Leadership by Resentment
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Leadership by Resentment

From Ressentiment to Redemption

Ruth Capriles

The author explores the conditions that foster the development of ressentiment, the role of leaders and followers, and the phases of the phenomenon as it encourages destructive behaviors such as murder and suicide. Often considered an incurable disease with destructive social and political repercussions, it is a core motive for acts of terrorism, revolutions, social upheavals and processes of toxic leadership. The author puts forth a model that helps to describe certain historical processes led by ressentiment, like some revolutions and terrorist acts, and to distinguish them from other movements that are usually treated as similar (e.g., independence revolutions). The book then tackles a seemingly impossible question: Can we find a cure for this powerful and destructive impulse? With care and deliberation, the author demonstrates the power of ethical leadership, recognition and redemption as positive unifying forces during human conflicts.
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Chapter 6: Leadership by ressentiment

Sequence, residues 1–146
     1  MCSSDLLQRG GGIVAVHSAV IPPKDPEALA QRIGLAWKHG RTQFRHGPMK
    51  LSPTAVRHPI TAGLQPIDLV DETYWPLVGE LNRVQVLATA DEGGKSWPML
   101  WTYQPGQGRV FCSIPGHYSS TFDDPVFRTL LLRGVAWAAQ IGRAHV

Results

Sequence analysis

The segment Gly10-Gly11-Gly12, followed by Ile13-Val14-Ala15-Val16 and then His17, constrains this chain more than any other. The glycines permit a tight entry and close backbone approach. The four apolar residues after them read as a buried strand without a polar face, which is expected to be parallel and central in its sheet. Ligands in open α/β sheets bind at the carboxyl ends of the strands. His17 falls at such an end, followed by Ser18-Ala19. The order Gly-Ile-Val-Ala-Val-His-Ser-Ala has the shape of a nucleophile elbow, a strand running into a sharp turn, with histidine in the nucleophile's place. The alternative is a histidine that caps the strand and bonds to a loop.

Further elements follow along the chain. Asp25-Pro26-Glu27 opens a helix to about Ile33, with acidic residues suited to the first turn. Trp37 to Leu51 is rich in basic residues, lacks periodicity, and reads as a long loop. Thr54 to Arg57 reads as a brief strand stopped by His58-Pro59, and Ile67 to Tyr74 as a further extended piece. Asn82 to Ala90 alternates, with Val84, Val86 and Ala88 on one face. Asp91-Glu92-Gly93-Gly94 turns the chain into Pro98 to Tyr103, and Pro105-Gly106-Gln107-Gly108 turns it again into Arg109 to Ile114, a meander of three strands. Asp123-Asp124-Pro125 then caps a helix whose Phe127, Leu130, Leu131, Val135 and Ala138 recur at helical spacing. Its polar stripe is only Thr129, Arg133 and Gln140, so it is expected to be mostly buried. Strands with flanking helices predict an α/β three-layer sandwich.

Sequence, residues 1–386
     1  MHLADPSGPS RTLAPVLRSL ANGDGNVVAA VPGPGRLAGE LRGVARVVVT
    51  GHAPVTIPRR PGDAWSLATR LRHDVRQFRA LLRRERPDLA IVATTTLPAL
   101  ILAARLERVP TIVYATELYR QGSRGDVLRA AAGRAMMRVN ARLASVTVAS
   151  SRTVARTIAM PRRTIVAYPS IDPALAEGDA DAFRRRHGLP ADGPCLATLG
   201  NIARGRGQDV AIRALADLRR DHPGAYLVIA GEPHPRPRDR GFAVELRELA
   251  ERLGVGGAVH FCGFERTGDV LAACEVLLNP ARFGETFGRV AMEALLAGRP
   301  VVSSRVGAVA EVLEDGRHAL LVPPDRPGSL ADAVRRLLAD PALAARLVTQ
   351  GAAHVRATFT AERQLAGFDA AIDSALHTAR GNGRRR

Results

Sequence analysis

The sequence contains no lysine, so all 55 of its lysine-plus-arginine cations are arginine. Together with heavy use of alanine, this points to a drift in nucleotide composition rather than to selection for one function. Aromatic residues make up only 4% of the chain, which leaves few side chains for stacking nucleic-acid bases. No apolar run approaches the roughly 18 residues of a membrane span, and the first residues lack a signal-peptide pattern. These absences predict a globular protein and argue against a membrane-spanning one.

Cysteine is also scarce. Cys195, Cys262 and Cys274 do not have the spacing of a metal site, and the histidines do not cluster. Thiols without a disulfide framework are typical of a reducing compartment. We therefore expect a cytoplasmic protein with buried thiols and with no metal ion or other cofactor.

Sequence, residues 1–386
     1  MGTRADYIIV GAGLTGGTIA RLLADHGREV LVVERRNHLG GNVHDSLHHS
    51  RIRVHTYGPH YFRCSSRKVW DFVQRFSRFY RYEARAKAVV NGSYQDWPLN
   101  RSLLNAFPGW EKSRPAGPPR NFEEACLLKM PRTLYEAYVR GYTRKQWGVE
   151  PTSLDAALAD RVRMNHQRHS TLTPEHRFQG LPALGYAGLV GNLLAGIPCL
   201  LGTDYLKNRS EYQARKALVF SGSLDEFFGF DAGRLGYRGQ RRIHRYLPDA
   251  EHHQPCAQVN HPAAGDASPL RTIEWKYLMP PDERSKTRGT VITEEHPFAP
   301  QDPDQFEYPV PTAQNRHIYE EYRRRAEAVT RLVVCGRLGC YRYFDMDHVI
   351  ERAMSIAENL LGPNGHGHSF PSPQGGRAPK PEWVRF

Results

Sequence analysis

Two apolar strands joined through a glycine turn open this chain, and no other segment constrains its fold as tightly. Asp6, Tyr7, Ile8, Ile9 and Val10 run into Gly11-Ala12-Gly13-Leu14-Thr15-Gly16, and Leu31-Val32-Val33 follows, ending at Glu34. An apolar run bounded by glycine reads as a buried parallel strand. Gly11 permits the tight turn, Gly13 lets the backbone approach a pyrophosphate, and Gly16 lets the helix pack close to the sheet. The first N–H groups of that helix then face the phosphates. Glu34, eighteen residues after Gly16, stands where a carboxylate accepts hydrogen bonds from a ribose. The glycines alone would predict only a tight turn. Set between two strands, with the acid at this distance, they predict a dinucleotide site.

Ruth Capriles


The issue of leadership has been growing through these pages as essential to understanding revolutions and revolts by ressentiment. Leadership will influence the direction taken by a revolution; if the relation between leaders and followers is established only upon negation, as a reaction against masters and their values, and not as an affirmation of the people involved in a revolution, then it will go the way of ressentiment: by inversion of all values and destruction of a diffuse range of enemies. In the 1960s and early 1970s, Latin American intellectuals sought explanations and justifications for revolutions in Marx’s idea of structural ‘contradictions of capitalism’ as forces in history; although by then everyone knew that such contradictions did not spur the revolution in capitalist countries, as predicted by Marx, and that the role of vanguards (in the Marxist lexicon) seemed to be of greater importance not only to the insurgence as such, but to the direction taken by the revolution that did happen in an agrarian country (Russia).

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